Sony denies copying Nintendo
It's all a big coincidence, honest.
Following reports that Sony only decided to implement motion-sensing technology into its PS3 controller after Nintendo unveiled the Wii remote, Worldwide Studios president Phil Harrison has declared that the company first began discussing the idea more than a decade ago.
In an exclusive interview with our sister site, GamesIndustry.biz, Harrison said Sony had been thinking about a developing motion sensitive controller "since 1994," adding: "But in reality you can't make some of the ideas that we have because the technology is not available in sufficient quantity or at a low enough price, and you kind of have to wait for certain things to converge."
"The controller is obviously a surprise to the industry," Harrison continued.
"We've been thinking about it for a while, but it's a relatively recent addition to the format. We didn't show it last year, because we weren't ready to."
When asked if Sony had been influenced by the positive response Nintendo received after unveiling the Wii remote, Harrison replied: "I think that some of the research that we've done, clearly other companies have been doing as well - so there's nothing completely surprising about that.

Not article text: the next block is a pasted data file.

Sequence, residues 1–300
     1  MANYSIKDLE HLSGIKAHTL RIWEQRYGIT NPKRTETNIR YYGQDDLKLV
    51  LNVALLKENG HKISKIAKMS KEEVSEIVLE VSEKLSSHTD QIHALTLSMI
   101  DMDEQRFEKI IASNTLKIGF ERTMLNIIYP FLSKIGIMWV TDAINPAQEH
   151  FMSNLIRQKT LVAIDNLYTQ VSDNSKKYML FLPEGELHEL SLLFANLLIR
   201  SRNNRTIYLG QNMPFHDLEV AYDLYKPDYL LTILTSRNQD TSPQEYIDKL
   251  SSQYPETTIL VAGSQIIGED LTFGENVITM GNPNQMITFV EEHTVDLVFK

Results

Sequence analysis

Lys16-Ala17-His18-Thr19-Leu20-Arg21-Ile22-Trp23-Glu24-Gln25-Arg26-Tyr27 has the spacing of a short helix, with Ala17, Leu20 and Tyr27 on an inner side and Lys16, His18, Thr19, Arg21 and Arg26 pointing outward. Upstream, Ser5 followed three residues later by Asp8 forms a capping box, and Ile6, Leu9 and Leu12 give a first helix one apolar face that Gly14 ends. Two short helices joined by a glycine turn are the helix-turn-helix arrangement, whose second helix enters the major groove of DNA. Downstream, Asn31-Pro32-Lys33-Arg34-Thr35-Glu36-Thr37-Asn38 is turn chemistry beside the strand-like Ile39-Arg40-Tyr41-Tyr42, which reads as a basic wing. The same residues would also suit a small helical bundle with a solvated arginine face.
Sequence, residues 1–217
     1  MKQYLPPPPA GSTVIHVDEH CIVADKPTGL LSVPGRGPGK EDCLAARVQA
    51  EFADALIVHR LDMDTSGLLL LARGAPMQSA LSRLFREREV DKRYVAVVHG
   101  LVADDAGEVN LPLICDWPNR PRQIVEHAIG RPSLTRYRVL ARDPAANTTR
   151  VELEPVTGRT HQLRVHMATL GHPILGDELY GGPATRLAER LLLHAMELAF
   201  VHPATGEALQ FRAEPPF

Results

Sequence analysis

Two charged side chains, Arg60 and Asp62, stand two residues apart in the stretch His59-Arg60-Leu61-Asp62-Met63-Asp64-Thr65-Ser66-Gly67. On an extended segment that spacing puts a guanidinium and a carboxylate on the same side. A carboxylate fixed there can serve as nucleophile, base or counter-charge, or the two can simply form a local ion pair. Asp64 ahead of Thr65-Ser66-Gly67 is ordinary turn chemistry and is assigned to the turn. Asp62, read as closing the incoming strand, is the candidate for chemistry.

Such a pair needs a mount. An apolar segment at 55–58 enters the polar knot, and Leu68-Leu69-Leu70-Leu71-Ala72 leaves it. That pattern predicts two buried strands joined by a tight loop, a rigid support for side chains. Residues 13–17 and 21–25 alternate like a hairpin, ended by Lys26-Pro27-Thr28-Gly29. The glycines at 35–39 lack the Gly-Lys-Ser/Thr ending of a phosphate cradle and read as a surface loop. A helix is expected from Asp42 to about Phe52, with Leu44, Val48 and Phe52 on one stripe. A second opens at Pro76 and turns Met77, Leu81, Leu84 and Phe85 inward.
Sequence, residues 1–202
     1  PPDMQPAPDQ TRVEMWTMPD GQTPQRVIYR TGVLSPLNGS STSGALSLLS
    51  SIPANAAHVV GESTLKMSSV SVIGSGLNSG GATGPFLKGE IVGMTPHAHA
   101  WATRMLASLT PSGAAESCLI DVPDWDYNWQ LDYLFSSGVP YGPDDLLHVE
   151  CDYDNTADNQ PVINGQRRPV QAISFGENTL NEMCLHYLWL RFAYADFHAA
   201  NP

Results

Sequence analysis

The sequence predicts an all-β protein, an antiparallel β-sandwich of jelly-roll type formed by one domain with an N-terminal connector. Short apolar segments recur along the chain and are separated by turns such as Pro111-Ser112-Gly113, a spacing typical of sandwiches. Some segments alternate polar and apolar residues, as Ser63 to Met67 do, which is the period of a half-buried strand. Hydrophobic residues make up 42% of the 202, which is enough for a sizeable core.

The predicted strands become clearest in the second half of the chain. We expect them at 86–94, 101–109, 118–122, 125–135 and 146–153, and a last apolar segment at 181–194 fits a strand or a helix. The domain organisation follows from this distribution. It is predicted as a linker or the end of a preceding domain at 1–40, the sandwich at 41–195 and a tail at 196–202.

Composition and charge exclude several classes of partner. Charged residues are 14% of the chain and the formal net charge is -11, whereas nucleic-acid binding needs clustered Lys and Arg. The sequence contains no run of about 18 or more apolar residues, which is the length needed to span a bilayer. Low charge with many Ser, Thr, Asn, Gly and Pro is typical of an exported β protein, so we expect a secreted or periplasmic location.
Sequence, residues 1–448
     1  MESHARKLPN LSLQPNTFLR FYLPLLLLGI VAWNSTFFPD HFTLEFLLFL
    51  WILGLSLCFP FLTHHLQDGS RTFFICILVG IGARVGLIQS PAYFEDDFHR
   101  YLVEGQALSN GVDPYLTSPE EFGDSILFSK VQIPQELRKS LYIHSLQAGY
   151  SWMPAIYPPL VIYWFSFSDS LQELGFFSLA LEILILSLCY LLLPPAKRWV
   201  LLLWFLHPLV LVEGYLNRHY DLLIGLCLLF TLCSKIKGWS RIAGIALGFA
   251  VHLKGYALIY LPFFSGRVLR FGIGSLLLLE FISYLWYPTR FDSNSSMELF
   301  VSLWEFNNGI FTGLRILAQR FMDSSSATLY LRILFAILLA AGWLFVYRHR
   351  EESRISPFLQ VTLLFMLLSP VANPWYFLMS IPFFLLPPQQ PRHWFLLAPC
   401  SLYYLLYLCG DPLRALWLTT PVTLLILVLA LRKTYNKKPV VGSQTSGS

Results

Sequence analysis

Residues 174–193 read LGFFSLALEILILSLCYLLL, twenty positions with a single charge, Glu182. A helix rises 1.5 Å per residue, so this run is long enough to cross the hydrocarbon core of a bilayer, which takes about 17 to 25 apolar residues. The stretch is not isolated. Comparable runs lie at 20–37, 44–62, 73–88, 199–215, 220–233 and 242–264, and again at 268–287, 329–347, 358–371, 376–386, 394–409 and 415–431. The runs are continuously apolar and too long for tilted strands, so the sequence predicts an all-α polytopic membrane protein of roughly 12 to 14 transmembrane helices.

"But I know that the strategy was to take what was already a winning formula - to have a controller as well regarded as it, and kind of the de facto industry standard that this PlayStation shape controller has become. We kind of took an 'if it ain't broke, don't fix it' strategy."
However, Harrison went on to concede, "We didn't start the wave, but we've kind of jumped onto that wave.
"I'm quite happy to admit that, but that will be one of the defining characteristics of next-generation gaming, the complexity and sophistication of input that you can get from a very simple device."
To find out why the boomerang prototype never made it, what Harrison thinks of the PS3 software line-up and why he's not bothered if you didn't think much of Sony's E3 press conference, read the full interview.